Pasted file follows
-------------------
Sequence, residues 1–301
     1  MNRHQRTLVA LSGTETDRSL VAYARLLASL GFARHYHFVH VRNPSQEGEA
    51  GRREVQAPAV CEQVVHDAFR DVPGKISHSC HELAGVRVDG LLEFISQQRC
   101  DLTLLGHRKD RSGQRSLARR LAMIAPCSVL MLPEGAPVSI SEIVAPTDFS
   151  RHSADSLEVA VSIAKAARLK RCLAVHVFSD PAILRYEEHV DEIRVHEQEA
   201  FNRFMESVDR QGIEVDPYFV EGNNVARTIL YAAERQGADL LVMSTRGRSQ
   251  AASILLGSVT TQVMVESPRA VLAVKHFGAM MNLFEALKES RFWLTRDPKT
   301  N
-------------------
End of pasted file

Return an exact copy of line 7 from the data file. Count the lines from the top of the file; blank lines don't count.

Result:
   251  AASILLGSVT TQVMVESPRA VLAVKHFGAM MNLFEALKES RFWLTRDPKT